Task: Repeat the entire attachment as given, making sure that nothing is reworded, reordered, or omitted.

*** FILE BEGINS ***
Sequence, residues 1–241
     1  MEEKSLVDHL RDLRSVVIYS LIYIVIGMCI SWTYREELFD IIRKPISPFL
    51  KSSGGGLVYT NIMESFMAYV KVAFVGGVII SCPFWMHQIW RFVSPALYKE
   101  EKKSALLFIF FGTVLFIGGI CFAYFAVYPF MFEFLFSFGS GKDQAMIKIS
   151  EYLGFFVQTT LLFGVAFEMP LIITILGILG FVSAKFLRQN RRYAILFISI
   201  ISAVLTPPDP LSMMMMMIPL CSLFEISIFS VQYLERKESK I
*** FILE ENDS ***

Sequence, residues 1–241
     1  MEEKSLVDHL RDLRSVVIYS LIYIVIGMCI SWTYREELFD IIRKPISPFL
    51  KSSGGGLVYT NIMESFMAYV KVAFVGGVII SCPFWMHQIW RFVSPALYKE
   101  EKKSALLFIF FGTVLFIGGI CFAYFAVYPF MFEFLFSFGS GKDQAMIKIS
   151  EYLGFFVQTT LLFGVAFEMP LIITILGILG FVSAKFLRQN RRYAILFISI
   201  ISAVLTPPDP LSMMMMMIPL CSLFEISIFS VQYLERKESK I